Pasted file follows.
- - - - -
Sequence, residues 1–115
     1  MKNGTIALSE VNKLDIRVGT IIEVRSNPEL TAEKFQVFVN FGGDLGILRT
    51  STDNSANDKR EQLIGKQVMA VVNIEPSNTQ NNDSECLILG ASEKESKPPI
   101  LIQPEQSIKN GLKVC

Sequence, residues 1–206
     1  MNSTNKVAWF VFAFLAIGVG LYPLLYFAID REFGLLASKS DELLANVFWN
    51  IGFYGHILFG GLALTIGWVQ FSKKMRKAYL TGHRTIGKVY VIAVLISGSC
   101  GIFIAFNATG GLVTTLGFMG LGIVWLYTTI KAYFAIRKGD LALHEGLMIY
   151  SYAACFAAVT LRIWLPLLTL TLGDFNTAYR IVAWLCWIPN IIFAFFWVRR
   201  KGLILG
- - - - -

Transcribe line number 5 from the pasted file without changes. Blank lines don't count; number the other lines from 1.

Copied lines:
Sequence, residues 1–206